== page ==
Sidestepping Bailout Rules:

It appears that some of the restrictions placed upon the use of bailout funds is discouraging private sector participation. As a consequence, the Obama Administration is seeking ways to circumvent the rules.

The administration believes it can sidestep the rules because, in many cases, it has decided not to provide federal aid directly to financial companies, the sources said. Instead, the government has set up special entities that act as middlemen, channeling the bailout funds to the firms and, via this two-step process, stripping away the requirement that the restrictions be imposed, according to officials.

Although some experts are questioning the legality of this strategy, the officials said it gives them latitude to determine whether firms should be subject to the congressional restrictions, which would require recipients to turn over ownership stakes to the government, as well as curb executive pay.

corneille1640 (mail):
I would like to know more about the "middleman" entities the Washington Post article mentions. Are these different from the SBA and FHA already in place? The article that Mr. Adler linked to seems to suggest so.

As a matter of policy (not necessarily legality, I'm far too ignorant of the relevant laws to know what is legal and illegal in this situation), I believe that the government would get more bang for its buck by easing the restrictions required for FHA and SBA loans, and not by investing directly in banks in requiring caps on executive compensation. I certainly am not a libertarian, but I think the government will get in over its head if it starts trying to determine what does and does not constitute appropriate executive pay or what does or does not constitute appropriate restrictions on a bank's activity. Because the federal government is the actual insurer for SBA and FHA loans, it would exercise much more control in how the loans are administered than it could by specific grants to the banks. Of course, my "solution" (such as it is) does not address the issue of what to do about toxic assets, etc.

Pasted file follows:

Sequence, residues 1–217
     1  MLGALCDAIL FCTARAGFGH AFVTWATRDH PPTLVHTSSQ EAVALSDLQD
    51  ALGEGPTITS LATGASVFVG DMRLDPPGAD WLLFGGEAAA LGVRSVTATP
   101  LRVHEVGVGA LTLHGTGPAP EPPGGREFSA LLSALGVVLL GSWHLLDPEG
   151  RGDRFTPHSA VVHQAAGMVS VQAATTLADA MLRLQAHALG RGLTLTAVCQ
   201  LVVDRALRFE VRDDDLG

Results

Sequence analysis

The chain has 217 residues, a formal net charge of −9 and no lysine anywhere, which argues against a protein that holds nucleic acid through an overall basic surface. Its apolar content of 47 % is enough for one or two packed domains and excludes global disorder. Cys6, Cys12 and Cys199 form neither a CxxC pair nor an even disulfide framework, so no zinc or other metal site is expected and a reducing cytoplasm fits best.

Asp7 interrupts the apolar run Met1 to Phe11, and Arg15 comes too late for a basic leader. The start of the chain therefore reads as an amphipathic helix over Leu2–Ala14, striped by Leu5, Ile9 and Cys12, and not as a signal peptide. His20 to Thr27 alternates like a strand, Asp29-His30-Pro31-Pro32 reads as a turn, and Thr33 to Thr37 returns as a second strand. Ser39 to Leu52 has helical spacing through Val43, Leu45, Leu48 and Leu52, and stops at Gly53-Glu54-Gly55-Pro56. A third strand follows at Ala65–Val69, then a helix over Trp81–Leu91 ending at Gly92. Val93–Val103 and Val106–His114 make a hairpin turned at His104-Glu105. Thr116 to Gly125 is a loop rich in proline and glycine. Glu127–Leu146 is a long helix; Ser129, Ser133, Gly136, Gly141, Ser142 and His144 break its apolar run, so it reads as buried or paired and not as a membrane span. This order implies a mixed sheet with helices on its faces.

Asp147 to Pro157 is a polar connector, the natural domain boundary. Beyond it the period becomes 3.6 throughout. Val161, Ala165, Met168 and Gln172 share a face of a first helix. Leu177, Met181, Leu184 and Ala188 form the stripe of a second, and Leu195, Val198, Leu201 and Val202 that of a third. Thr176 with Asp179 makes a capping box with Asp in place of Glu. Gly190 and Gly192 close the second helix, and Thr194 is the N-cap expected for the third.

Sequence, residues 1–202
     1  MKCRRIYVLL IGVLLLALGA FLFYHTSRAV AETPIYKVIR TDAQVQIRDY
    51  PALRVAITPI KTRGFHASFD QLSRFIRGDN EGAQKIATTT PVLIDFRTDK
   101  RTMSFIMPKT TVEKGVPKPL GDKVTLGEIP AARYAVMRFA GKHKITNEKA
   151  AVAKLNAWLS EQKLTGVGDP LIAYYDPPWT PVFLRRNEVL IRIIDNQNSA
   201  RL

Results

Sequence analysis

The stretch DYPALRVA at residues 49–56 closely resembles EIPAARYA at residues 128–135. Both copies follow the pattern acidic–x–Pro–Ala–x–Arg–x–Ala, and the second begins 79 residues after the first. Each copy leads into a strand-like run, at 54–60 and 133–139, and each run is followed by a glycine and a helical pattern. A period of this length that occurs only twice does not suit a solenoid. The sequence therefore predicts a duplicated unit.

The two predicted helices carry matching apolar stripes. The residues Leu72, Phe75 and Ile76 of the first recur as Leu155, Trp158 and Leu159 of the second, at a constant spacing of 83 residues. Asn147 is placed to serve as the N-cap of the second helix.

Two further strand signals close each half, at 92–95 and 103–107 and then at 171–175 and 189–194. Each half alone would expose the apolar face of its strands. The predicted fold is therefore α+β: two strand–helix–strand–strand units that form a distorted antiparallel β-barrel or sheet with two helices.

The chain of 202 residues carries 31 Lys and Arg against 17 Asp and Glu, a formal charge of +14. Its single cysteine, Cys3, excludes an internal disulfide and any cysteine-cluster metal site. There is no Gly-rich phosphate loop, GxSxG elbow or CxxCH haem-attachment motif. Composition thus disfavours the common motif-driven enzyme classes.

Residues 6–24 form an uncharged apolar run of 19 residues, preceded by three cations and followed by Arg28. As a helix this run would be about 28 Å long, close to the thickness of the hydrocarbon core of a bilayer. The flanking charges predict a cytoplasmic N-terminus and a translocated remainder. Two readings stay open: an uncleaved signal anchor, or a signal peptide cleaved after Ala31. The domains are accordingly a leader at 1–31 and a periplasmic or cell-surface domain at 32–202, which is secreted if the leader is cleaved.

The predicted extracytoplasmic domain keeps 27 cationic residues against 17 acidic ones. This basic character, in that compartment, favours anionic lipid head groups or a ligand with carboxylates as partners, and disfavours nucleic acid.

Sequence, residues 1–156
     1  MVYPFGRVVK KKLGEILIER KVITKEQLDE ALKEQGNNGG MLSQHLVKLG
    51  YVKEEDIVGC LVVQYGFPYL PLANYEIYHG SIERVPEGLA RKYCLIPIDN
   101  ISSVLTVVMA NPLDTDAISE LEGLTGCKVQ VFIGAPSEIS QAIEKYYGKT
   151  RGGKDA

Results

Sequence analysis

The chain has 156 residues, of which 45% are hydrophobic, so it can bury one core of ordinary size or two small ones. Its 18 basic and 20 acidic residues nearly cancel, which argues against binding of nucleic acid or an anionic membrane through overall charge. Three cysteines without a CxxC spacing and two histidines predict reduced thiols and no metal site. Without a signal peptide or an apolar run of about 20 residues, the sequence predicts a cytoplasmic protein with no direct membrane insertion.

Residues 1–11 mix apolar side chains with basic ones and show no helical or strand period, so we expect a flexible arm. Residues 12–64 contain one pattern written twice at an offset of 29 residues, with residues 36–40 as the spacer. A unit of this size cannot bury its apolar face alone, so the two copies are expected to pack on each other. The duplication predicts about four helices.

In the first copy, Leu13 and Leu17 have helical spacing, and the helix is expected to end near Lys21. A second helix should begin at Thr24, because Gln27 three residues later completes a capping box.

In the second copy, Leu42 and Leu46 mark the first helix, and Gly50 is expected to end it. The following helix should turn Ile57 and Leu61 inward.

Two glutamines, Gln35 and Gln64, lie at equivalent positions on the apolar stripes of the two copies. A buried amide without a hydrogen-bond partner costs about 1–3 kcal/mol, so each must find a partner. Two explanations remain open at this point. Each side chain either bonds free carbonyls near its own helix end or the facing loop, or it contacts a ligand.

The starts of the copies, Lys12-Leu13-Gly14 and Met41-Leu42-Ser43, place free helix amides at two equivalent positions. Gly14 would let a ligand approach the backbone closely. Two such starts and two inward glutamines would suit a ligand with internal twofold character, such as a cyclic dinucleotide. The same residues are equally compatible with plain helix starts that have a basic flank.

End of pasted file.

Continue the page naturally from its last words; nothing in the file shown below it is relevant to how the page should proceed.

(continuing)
4.4.2009 11:48am
Cump (mail) (www):
"Congressional restrictions"
That would be the law as it is written, no?
4.4.2009 6:23pm
Mike& (mail):
Sounds like money laundering to me.
4.4.2009 7:23pm
One may disagree with what Congress has done. But in this Country, Congress makes the laws, particularly when it comes to spending money.
4.4.2009 10:11pm

At bottom, 'the law is the law' is just a tarted-up version of the Nuremberg defense.
4.5.2009 8:17pm
kentuckyliz (mail):
Middleman? I bet ACORN gets a piece of this pie...and the power that goes with it.
4.5.2009 10:06pm

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